Jan. 10, 2002 AMHERST, Mass. - A team of astronomers led by Daniel Wang of the University of Massachusetts has taken the sharpest-ever image of the heart of our Milky Way galaxy. The image, a panorama of the galaxy’s center taken with NASA’s Chandra X-ray Observatory, reveals hundreds of white dwarf stars, neutron stars, and black holes bathed in an incandescent fog of multimillion-degree gas around a supermassive black hole.
Wang presented the panorama - a mosaic of 30 separate images which covers a 400- by 900-light-year swath of the galaxy - today at this week’s meeting of the American Astronomical Society in Washington, D.C. The findings will be detailed in the Jan. 10 issue of the journal Nature. The co-authors are Eric Gotthelf of Columbia University, and UMass postdoctoral researcher Cornelia Lang.
Astronomers have detected X-ray radiation from the Milky Way’s center for more than two decades, Wang said, “but the origin of this X-ray radiation has been a mystery. The reasons are simple: we simply didn’t have good enough resolution.” Pictures produced with previous X-ray telescopes would show clouds and bulges of the radiation, Wang said, but none of these pictures gave astronomers the details they sought. This new image allows scientists to see individual X-ray sources separately from the diffuse glow produced by hot gases. The finding appears to answer at least one question that astronomers and physicists have been puzzling over for decades: why did the hot gas in the galaxy’s center, which scientists believed was as hot as 100 million degrees Celsius, stay relatively clustered rather than expand? The answer: “Much of the high-energy X-ray radiation is due to discrete sources that most likely represent white dwarf stars, neutron stars, and black holes. The remaining less-energetic radiation is due to hot gas. This means that the gas is hot, but not as hot as we scientists previously believed,” said Wang. Rather than 100 million degrees, the gas at the galaxy’s center climbs to a relatively mild 10 million degrees.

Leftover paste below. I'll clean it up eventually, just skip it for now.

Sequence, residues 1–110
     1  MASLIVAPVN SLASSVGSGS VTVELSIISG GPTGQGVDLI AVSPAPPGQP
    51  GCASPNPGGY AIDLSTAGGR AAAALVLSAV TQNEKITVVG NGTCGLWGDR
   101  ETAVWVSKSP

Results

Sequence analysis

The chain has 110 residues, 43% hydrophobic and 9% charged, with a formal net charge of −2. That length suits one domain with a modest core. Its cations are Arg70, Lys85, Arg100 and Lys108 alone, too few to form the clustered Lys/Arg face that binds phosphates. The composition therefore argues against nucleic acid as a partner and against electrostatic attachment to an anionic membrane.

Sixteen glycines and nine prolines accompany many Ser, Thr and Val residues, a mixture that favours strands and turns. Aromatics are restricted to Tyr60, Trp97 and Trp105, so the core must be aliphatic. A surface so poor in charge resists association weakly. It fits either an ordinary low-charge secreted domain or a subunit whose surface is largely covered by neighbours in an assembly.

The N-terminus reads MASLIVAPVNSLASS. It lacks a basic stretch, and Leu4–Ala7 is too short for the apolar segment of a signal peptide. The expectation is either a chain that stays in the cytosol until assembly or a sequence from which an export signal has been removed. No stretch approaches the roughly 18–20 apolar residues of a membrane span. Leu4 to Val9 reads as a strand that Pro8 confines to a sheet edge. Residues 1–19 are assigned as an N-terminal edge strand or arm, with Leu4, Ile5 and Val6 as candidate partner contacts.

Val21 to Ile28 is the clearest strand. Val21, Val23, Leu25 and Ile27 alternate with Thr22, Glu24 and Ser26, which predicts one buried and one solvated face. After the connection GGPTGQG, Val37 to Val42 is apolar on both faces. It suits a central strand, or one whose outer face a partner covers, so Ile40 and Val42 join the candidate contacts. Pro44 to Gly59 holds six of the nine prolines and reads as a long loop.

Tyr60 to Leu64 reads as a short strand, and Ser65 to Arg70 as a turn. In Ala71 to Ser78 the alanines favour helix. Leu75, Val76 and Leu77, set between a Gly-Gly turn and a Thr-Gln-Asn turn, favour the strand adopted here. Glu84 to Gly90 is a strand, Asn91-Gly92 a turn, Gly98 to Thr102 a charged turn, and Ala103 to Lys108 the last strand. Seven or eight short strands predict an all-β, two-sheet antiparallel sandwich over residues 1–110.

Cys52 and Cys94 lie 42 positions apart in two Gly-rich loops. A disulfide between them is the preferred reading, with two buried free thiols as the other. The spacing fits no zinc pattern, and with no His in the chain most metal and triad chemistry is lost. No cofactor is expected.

The X-ray-emitting discrete sources and diffuse gas are the remnants of stars, which are forming in the center at a much more rapid pace than at the outer reaches of the galaxy. Many of the most massive stars are located in the galaxy’s center, and are boiling off their outer layers in searing stellar winds. Supernova explosions are far more common in the region, and send shock waves booming through the inner galaxy. “It’s a very high-pressure environment,” said Lang. “It’s a nice place to visit - with a telescope - but I wouldn’t want to live there.” Also, the image shows that the high-pressure and high-temperature gas is apparently escaping from the center into the halo of the galaxy. The outflow of gas, chemically enriched from the frequent destruction of stars, will enrich the farther reaches of the galaxy, Wang said. The heart of the galaxy, page two The center of the galaxy is 20,000 light-years away. “It’s far away, but still much closer than anything else we can look at,” said Wang. “The nearest galaxy that is similar to our own, Andromeda, is a hundred times farther away. Thus, our own galaxy becomes a galaxy laboratory for us to learn about the activities and processes which govern other galaxies.” Wang studies the “hot universe;” that is, objects and gas with temperatures of at least a million degrees.
More information and images associated with this release are available at: http://chandra.harvard.edu, http://chandra.nasa.gov, and http://www.astro.umass.edu/~wqd/gcs/
Findings to be published in Nature; presented at AAS meeting in Washington, D.C.
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